Unity – How to correctly write the character logic "stick to the surface" that handles large and unexpected time deltas?

I've tried to pin down this problem: in a 2D platformer game (but this also applies to 3D games), I want the character "to stay" at the surface on which he is evolving and at the same time keep the same speed, no matter the tilt / decline of the current surface. Also, if the speed of my character is 1 unit / s and the current delta time is 0.25, I want him to travel exactly to 0.25 units, regardless of the "shape" of the surface encountered along the route.

Naively, I started with this basic logic (warning, incoming pseudo-code):

vel + = acceleration * timeDelta;
movementDelta = vel * timeDelta;

hit = raycast (pos, down);

if (hit)
{
vectorAlongSurface = hit.normal * fancyLinearAlgebra;
pos + = vectorAlongSurface.Normalized * movementDelta.Magnitude;
}
other
{
pos + = movementDelta;
}

But this is only correct if my character moves along the same normal surface for the entire frame and breaks badly enough if, during the frame, the surface has different normals along the way. This may give the impression that the speed at which the character moves is inconsistent. To give you an example:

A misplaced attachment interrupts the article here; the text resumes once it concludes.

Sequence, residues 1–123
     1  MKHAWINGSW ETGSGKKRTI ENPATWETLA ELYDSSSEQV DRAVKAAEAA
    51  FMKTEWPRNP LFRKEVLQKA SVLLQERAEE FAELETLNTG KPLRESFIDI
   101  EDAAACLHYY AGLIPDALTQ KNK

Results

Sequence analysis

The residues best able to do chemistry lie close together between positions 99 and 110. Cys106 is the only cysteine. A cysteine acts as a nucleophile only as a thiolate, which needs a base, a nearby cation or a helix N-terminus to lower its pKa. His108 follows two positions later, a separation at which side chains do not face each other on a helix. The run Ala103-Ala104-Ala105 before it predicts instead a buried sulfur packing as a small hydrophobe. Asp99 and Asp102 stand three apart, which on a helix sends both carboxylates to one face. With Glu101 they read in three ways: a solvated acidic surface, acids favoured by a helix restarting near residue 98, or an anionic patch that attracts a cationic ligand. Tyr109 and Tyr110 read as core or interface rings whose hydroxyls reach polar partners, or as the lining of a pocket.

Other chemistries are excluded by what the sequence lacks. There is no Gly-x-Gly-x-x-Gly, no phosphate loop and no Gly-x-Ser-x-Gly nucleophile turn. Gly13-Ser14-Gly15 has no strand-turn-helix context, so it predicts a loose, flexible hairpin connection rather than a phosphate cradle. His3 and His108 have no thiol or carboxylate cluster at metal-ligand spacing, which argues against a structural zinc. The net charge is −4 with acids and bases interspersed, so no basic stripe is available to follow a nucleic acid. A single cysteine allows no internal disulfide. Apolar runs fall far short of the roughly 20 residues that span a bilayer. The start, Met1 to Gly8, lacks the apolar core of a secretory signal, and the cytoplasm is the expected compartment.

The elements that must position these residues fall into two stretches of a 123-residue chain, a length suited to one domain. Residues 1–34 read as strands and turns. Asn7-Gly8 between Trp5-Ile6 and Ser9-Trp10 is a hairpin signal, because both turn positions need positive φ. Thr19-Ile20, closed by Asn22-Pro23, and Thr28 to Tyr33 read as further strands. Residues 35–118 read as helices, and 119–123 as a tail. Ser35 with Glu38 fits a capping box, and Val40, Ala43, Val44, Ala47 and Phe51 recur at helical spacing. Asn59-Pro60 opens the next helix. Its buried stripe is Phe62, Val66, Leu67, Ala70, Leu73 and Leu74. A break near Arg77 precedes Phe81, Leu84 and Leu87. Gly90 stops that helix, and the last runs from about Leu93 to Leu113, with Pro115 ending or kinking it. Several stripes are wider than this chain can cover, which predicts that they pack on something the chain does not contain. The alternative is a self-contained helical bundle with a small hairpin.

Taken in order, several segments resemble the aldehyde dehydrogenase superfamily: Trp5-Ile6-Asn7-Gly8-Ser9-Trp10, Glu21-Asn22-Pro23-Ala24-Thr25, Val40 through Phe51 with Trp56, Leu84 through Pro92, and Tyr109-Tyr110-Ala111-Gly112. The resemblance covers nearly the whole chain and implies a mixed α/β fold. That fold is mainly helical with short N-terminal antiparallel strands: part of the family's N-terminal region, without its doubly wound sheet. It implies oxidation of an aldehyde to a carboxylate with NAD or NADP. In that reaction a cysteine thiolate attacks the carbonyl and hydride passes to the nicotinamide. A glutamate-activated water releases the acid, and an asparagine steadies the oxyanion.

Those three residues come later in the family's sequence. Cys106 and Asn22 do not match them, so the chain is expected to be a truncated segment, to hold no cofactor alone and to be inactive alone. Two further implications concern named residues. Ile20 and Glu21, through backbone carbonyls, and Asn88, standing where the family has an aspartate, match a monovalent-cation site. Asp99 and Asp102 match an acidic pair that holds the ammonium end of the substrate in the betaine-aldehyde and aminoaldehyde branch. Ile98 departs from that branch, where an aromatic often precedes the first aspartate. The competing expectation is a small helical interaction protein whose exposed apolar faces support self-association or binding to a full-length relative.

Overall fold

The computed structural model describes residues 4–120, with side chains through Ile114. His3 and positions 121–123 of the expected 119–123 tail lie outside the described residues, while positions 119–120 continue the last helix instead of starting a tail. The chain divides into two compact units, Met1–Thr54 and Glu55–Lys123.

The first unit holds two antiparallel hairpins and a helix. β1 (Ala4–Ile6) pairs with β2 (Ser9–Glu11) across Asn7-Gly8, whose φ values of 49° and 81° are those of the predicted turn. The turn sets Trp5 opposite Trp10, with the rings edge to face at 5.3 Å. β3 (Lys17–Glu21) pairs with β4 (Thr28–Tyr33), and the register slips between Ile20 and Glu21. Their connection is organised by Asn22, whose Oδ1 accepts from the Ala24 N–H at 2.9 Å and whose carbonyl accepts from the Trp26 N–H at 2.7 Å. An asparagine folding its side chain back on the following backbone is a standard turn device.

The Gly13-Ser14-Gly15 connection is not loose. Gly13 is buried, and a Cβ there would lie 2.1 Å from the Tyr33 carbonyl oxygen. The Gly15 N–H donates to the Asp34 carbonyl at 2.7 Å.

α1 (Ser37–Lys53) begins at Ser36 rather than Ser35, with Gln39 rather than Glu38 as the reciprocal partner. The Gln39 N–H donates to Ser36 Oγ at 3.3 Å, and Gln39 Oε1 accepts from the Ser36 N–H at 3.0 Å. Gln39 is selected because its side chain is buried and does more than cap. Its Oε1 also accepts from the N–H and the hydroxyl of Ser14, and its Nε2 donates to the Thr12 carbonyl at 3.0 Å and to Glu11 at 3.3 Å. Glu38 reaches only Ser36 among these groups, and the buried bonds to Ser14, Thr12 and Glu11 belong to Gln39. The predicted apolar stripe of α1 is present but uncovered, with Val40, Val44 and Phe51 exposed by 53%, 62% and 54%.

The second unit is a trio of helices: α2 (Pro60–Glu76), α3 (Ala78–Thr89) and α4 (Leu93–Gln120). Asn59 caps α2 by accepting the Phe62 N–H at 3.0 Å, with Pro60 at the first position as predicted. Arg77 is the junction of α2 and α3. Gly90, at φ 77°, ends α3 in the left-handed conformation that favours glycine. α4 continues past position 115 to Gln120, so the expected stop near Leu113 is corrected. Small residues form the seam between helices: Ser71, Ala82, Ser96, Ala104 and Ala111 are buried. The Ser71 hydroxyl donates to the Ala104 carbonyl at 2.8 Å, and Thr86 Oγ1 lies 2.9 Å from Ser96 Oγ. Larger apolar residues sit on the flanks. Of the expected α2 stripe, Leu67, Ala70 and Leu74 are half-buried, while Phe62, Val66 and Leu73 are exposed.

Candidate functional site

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Although I expect responses of the type "do not do your pitch like this", I also consider the situations in which my game is likely to undergo an unexpected shift and to face an important time delta that could push the character to cross different normal the same frame.

Any advice on how to handle this would be much appreciated. I thought somehow to trace all the superficial tilt changes of the character's position to the point of "naïve raycast strikes", but that seems like quite expensive, especially if we consider that all the characters enemies should do the same. There must be a simple solution to what I do not see. Or maybe there is a way to make the inconsistency of speed in the given example less obvious / irrelevant?

Thanks guys.